Not many books offer social critiques so trenchant they become classics. Even fewer pull off this feat in fewer than two hundred pages. Neal Postman’s Amusing Ourselves to Death does both.
The book remains relevant thirty years after its initial publication. At the heart of its argument is the claim that television has radically altered every aspect of American life for the worse. Television, Postman claims, has changed religion, politics, and culture by rendering them little more than entertainment. Or rather, television has changed Americans by causing us to expect every aspect of life to be a source of entertainment.
Postman is right about this, but he’s also right about his secondary claim. American culture has been changed, he argues, because the people who inhabit it have been changed. Television, he claims, has changed the very nature of our minds. Early in the book, Postman describes the differences between what he calls the “typographic mind” and what we might call the “televisual mind.”
The typographic mind reflects the characteristics of written discourse. It is language-based, linear, capable of sustained reflection, orderly. The televisual mind is image-based, associative, focused on surfaces, capricious, and shallow. People no longer simply choose not to engage the world in deep ways, Postman argues, but because of the effects of television, they can’t.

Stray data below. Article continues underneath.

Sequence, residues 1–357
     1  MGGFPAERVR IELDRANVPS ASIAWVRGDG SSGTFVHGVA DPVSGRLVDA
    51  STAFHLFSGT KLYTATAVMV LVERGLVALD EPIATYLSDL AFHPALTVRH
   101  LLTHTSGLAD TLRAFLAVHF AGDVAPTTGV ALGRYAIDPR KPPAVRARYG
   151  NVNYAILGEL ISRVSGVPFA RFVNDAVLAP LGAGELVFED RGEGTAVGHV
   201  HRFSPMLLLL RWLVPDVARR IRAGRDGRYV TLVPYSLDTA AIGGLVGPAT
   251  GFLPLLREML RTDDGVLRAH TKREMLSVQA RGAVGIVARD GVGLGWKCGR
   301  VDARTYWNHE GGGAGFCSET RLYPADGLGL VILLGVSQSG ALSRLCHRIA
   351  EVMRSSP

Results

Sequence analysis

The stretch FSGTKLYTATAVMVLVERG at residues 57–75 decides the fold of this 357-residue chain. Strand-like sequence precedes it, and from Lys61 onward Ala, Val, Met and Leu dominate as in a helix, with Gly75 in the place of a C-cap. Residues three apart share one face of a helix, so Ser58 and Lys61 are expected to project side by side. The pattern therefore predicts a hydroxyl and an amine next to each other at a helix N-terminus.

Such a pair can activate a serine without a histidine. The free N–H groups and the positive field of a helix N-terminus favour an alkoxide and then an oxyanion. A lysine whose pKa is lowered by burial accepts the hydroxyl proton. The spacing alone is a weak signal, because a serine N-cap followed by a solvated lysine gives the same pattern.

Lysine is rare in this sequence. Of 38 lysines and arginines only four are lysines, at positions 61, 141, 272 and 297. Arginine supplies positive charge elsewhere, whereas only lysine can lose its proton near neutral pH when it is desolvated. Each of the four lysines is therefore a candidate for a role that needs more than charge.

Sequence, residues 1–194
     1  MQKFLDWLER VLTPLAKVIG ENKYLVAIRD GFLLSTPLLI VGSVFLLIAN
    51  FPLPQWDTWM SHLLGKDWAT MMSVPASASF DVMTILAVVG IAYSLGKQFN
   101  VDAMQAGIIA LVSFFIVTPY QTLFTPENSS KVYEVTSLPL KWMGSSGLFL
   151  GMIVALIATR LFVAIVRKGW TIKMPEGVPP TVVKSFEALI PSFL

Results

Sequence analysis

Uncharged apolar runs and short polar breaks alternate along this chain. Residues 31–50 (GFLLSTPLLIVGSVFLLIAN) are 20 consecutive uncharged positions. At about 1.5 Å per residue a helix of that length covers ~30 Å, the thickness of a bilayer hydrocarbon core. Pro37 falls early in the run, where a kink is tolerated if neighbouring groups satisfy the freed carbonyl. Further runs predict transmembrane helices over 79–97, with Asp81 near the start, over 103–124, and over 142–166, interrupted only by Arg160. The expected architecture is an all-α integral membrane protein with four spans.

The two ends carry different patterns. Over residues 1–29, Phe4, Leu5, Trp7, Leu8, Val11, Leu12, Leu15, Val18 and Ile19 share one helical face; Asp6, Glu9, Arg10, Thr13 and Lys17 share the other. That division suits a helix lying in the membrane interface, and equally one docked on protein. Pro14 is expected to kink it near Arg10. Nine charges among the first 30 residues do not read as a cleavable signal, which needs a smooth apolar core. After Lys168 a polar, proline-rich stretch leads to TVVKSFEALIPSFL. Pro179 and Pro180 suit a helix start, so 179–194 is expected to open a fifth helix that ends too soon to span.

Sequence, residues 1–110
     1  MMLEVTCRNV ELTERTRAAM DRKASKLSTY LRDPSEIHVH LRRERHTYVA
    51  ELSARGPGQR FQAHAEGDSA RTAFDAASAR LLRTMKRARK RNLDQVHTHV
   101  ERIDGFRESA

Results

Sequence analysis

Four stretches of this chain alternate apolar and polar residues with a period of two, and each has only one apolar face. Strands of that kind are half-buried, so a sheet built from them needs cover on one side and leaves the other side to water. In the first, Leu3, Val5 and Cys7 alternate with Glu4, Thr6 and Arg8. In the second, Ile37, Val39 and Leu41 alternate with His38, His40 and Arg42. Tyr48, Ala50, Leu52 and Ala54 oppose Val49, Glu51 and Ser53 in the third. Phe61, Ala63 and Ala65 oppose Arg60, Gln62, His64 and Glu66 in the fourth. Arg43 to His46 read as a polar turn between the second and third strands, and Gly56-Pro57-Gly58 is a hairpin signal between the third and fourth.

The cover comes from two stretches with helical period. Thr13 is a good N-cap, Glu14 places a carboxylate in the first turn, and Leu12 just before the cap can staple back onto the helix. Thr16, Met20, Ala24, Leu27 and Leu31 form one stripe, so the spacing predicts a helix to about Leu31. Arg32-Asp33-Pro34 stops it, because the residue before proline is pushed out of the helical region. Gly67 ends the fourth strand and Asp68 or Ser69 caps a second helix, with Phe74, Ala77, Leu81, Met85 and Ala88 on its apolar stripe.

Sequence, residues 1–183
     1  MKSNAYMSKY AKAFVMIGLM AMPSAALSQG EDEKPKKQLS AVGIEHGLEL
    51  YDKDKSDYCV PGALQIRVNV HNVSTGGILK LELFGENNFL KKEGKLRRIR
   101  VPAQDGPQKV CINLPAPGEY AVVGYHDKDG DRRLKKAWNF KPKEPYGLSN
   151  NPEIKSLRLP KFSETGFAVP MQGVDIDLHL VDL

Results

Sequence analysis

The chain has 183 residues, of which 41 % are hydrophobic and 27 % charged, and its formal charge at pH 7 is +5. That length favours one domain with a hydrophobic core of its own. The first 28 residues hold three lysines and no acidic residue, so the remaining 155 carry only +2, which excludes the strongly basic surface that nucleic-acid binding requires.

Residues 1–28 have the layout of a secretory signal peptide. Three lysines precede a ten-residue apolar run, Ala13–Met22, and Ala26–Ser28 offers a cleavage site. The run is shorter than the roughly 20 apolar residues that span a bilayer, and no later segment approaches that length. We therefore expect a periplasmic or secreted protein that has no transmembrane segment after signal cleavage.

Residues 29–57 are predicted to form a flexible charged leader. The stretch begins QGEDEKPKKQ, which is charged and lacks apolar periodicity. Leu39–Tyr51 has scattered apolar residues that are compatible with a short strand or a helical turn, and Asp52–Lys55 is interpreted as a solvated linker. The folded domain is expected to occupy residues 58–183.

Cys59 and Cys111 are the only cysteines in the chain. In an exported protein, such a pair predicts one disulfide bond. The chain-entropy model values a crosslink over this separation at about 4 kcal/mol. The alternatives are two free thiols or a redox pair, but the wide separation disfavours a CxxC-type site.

Postman gets something right here about the heart of postmodern society. People are, for the most part, unable to think beyond the narratives established by the media. Few people are capable of the sustained reflection required for breaking out of the system of values foisted on them by consumer culture. Thinking is serious labor, and it’s made even harder when the tool for thinking, the mind, adopts the limiting habits of entertainment culture.
Postman is probably overstating his case when he argues the condition of the postmodern mind is exclusively the result of television. There are other factors. Television is powerful, but it isn’t the only source of values. Certainly it isn’t the only source of values about itself. Television’s power would have been more limited, for example, had parents, teachers, and other cultural authorities not adopted it so uncritically. There is blame to go around.
Whatever its sources, the televisual mind, along with its habits and values, now dominates our public discourse and our private lives. The situation has worsened in the age of the Internet. Where once we had thirteen channels to choose from on television, we now have hundreds of millions of interlinking webpages. The fracturing of our capacity to pay attention, to think deeply and well, has continued correspondingly.
Our fate is not sealed. The televisual mind is not a terminal illness. Its symptoms can be reversed. One way to do so is by reading. Reading almost anything will, for most people, be beneficial because the habits of mind that reading establishes matter as much or more than the content of the page.
Still, some books are better than others. Books can transport us, or enlighten us about the places and times in which we live. If your goal is understanding the cultural situation in which you live, understanding why people are the way they are, then Amusing Ourselves to Death is a good place to start.
You can buy Amusing Ourselves to Death: Public Discourse in the Age of Show Business here.
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